The earliest reference to the monastery is made in a document of 1333, a period during which it was a fief of the Latin Patriarchate of Constantinople. It has also been argued (Stergios Spanakis) that the establishment of the monastery is linked with the miraculous icon of Our Lady, which is now kept in the church of San Alfonso in Esquilino, Rome. The icon of our Lady Kardiotissa has been associated with miraculous properties, reference to which was already made in 1415 by Chr. Buondelmondi. According to tradition, it has been moved or stolen many times, but each time it returned on its own. In the period of Venetian domination, the icon was stolen by a merchant and moved to Rome. In 1735 it was replaced by another icon, of a different iconographic type, which is nowadays regarded as equally miraculous. In 1720 the monastery was turned into a stavropegic one, following an initiative of the Magganaris family, who restored it. In 1866 and 1867 it was a Cretan rebel base.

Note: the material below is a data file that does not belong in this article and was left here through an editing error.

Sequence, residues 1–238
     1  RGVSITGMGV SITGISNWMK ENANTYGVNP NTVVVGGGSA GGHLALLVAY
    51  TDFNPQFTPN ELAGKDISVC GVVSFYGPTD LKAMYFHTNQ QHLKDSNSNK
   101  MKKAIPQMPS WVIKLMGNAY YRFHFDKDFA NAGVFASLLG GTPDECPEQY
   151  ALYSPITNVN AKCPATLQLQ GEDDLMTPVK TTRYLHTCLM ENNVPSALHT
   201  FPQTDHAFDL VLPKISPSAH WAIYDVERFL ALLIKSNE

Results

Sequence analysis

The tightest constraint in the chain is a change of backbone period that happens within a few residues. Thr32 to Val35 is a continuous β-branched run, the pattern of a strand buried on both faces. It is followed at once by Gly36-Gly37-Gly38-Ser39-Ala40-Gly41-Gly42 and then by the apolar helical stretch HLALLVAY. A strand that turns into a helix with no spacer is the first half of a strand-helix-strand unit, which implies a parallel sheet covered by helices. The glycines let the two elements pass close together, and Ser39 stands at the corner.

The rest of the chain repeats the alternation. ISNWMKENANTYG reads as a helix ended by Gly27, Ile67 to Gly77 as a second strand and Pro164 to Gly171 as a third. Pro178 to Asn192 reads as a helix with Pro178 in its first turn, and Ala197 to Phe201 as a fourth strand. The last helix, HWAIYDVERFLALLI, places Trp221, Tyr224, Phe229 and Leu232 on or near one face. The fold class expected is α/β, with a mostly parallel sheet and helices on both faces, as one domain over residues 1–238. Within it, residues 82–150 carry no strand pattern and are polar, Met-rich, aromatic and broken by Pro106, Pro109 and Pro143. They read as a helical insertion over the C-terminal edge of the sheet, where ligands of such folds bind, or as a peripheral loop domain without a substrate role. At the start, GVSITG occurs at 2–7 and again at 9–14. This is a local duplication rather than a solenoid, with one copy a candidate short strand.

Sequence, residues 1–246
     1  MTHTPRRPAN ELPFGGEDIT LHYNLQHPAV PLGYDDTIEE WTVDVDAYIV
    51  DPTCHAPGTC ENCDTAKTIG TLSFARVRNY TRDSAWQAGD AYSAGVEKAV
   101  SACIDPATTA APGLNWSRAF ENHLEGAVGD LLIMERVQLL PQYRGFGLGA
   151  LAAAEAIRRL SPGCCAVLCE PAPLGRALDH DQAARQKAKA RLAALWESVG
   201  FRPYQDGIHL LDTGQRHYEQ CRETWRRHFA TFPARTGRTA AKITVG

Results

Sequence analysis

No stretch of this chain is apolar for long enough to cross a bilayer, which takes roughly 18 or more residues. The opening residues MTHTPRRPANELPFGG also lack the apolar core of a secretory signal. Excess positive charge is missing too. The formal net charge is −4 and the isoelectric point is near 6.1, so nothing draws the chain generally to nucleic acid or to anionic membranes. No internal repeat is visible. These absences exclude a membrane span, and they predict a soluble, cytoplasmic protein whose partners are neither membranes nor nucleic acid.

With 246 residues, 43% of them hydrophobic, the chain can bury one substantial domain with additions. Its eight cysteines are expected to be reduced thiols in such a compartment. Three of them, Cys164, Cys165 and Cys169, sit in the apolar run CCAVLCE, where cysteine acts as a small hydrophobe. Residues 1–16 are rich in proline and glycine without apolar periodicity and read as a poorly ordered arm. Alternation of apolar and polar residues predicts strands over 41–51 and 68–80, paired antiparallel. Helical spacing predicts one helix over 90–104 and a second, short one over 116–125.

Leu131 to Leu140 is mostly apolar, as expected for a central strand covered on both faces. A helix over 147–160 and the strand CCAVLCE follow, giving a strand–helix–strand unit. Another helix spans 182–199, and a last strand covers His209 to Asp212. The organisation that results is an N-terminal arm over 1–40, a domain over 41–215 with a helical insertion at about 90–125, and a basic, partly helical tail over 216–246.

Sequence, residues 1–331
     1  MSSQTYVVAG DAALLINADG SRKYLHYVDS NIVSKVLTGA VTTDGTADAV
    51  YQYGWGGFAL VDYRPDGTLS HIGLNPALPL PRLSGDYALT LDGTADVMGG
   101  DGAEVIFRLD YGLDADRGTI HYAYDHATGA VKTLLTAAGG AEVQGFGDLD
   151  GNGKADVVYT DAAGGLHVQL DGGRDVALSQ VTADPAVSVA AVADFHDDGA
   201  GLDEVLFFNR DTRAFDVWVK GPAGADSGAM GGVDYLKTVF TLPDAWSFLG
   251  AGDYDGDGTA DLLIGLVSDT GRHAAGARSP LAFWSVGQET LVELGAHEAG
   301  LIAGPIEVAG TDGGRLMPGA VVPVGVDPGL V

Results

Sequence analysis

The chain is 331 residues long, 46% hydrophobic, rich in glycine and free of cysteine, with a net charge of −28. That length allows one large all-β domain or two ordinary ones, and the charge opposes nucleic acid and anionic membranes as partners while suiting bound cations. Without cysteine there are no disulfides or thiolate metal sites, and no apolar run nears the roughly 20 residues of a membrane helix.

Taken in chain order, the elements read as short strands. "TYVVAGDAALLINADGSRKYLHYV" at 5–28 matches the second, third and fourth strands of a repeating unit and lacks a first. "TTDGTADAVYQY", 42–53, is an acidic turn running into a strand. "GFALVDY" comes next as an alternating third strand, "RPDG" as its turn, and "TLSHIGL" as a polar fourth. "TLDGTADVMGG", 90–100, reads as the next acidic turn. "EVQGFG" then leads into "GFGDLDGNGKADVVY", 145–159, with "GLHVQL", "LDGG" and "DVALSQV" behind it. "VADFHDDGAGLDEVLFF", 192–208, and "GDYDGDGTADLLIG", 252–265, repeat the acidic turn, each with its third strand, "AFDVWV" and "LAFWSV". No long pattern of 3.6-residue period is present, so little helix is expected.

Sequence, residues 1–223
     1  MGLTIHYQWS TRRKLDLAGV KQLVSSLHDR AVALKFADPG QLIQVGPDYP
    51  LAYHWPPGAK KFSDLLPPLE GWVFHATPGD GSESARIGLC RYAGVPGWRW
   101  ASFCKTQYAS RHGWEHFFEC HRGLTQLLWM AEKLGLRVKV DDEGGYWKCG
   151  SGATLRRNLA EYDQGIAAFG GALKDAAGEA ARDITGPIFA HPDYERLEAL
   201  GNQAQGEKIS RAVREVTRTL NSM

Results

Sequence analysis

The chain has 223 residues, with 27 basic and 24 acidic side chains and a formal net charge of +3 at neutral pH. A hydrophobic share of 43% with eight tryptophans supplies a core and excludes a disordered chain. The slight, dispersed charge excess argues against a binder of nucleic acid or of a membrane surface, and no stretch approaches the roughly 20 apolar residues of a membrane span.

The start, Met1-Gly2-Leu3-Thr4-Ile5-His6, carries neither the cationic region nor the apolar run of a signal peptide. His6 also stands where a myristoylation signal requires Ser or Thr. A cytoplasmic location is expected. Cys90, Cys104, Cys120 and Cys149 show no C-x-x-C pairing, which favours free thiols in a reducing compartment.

The church is dedicated to the Nativity of the Virgin. The current architecture of the church is the result of four construction phases. Originally it was constructed as a single-nave church with a pointed barrel vault without supporting arches. This area of the church was later used as sanctuary after an extension. Later, two narthexes were added on the west of the church, and on the north an even smaller single-room vaulted chapel. The monument is adorned with frescoes on all its internal surfaces. The ones in the original church date back to the first decade of the 14th century. The rest of the frescoes in the areas annexed to the original church date back to the second half of the 14th century.